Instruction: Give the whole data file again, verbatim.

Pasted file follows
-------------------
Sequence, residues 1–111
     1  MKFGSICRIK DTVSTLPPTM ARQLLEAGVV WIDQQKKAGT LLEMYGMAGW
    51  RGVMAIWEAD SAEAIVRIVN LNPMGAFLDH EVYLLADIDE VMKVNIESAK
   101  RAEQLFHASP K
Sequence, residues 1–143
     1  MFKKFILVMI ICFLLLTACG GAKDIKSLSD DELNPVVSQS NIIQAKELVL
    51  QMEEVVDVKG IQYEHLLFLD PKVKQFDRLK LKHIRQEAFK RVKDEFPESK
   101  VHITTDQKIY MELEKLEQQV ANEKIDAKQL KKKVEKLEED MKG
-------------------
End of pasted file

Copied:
Sequence, residues 1–111
     1  MKFGSICRIK DTVSTLPPTM ARQLLEAGVV WIDQQKKAGT LLEMYGMAGW
    51  RGVMAIWEAD SAEAIVRIVN LNPMGAFLDH EVYLLADIDE VMKVNIESAK
   101  RAEQLFHASP K
Sequence, residues 1–143
     1  MFKKFILVMI ICFLLLTACG GAKDIKSLSD DELNPVVSQS NIIQAKELVL
    51  QMEEVVDVKG IQYEHLLFLD PKVKQFDRLK LKHIRQEAFK RVKDEFPESK
   101  VHITTDQKIY MELEKLEQQV ANEKIDAKQL KKKVEKLEED MKG